The death of a pet induces responses qualitatively similar to the loss of a beloved human. A large number of pet owners consider their pets as family members. Given the important role that domestic animals may have in our lives it is not surprising that the experience of pet loss might be emotionally painful for many people. Several studies report that owners with a close relationship to their animals are at greater risk for an extreme grief response. There is growing attention in pet loss literature about the function of a ”continuing bond” in relation to coping and adaptation following the death. Despite death, a majority of owners maintain ongoing, meaningful ties with their pet. Believing in an afterlife for one’s animal has been reported as a helpful factor in coping with loss. While there is much written to help pet owners deal with grief after death, there is very little information available to help them prepare emotionally to euthanasia. Clinical experience has shown that euthanasia can, potentially, complicate and exacerbate negative feelings associated with grief. ”Choice” is the key word that characterizes the modern paradigm of companion animal euthanasia and L. Longoni points out the importance of helping pet owners make informed and conscious choices. The aim of this exploratory study is to investigate the role of pet-euthanasia related issues and of death representation on pet bereavement distress with the purpose of understanding how to help owners better cope with loss. Voluntary participants (n=159) completed a general information form, the LAPS Lexington Attachments to Pets Scale assessing individuals attachment to their pets, the PBQ Pet Bereavement Questionnaire measuring pet bereavement distress, the Testoni Death Representation Scale assessing death representation and the Beck Depression Inventory-II. Data were analyzed with non-parametrical methods. Results indicate the importance of pre-euthanasia communication. In fact greater anger and guilt were found in owners who were not provided with clear and exhaustive informations on diagnosis and treatment options and who were not involved by the veterinarian on death/life decisions; greater anger was found in owners whose veterinarian didn’t give them the proper time to think over decisions to be taken. We found greater grief in relation to euthanasia compared to natural death but, contrary to our expectations, we found no differences in anger and guilt. However, analyzing more in depth circumstances related to euthanasia, we found that timing might be important to take into account: greater guilt was found in owners who thought that euthanasia was performed ahead of time compared to those that thought they had chosen the right time. Concerning death representation, 54,2% of our sample believes in afterlife also for pets. Interestingly, this owners have greater attachment and higher scores in death as transition. This means that they believe not only that their pet will continue to exist but also that it will be able to remember the past life shared with the owner. Being able to keep memory of past life implies the possibility of maintaining the bond despite physical death. These findings support the theory of continuing bonds in pet loss. Although further investigation is needed, overall our results suggest that psychologist may play an important role in pet loss. Psychologists, well informed about human-animal interactions and pet-euthanasia medical and emotional issues, can become a valued link between veterinarians and pet owners. Pet loss counseling can help owners to make conscious choices, to prepare for the death of their pet and can help them through grief afterwards. Assistance and support of both during anticipatory and post-death grief, may help mitigate potentially negative effects of pet loss as anger and guilt.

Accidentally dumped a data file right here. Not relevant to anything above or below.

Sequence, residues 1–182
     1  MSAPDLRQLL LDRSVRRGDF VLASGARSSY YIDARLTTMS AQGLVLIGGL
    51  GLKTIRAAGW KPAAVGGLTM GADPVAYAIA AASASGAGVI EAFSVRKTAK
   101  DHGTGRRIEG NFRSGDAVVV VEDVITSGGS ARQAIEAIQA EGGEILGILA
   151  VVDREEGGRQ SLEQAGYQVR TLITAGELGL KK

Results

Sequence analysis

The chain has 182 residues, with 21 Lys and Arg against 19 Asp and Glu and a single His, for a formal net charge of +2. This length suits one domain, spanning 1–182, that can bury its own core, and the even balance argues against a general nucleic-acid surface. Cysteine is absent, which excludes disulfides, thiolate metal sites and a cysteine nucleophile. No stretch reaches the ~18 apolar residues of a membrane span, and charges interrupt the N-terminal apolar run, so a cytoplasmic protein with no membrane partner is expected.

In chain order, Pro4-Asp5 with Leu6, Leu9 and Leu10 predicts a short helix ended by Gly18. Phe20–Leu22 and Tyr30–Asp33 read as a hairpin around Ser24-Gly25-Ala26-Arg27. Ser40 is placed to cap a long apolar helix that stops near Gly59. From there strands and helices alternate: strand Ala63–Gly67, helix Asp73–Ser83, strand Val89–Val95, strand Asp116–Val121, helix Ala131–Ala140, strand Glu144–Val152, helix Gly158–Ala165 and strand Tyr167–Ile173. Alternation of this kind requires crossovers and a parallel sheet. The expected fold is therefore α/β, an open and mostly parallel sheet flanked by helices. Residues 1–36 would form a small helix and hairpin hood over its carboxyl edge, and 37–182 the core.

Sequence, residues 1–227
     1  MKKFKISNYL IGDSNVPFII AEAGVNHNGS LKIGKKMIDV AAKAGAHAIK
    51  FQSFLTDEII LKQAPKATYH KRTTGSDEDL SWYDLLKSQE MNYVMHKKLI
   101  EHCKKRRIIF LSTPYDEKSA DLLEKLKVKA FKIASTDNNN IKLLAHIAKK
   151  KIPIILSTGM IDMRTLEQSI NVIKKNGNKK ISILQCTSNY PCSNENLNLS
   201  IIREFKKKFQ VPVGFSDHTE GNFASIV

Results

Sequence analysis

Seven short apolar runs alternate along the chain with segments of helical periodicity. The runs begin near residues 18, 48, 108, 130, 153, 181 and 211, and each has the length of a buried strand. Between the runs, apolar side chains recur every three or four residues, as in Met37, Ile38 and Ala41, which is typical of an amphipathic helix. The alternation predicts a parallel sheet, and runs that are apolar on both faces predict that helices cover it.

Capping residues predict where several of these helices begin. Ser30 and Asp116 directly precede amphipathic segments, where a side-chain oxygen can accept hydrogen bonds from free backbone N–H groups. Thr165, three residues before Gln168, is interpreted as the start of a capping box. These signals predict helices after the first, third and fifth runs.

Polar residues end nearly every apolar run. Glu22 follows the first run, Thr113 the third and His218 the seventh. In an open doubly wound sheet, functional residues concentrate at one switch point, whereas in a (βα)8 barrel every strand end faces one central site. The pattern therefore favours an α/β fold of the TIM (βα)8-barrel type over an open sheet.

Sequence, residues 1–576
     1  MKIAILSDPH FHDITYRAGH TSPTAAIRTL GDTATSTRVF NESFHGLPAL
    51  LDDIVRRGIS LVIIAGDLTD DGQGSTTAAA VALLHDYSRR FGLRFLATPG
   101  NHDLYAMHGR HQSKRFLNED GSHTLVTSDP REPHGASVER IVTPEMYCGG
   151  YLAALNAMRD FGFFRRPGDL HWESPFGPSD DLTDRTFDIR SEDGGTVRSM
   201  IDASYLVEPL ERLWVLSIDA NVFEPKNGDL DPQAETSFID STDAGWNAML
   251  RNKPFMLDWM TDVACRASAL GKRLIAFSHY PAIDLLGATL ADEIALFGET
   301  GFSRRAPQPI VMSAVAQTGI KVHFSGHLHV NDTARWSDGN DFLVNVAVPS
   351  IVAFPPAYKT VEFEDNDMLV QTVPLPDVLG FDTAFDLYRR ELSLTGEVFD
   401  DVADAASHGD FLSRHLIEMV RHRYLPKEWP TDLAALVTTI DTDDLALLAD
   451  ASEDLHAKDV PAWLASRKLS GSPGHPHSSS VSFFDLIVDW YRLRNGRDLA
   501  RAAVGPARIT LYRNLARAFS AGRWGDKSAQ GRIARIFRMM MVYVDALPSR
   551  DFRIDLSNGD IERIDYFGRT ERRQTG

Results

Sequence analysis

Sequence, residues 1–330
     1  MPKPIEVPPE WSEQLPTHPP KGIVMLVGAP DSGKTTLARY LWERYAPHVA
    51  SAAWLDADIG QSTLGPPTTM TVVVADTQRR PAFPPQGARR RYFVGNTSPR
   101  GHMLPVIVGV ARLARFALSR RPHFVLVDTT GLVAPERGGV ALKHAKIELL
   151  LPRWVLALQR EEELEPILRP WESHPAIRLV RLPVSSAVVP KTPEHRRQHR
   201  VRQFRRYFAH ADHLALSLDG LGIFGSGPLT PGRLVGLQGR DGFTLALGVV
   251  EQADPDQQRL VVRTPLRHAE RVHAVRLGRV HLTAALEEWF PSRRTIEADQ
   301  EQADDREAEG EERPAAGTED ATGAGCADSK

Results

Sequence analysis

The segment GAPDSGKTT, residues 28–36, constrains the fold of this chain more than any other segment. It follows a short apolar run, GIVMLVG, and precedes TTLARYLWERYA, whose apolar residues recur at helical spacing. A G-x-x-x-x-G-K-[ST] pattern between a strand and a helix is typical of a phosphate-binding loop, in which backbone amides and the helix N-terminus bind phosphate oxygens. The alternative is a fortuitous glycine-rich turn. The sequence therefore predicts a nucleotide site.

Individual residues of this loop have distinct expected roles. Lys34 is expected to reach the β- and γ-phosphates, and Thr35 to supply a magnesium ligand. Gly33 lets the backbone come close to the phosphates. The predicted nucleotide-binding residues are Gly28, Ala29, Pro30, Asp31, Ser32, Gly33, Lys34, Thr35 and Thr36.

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Utilizza questo identificativo per citare o creare un link a questo documento: http://hdl.handle.net/11577/2980302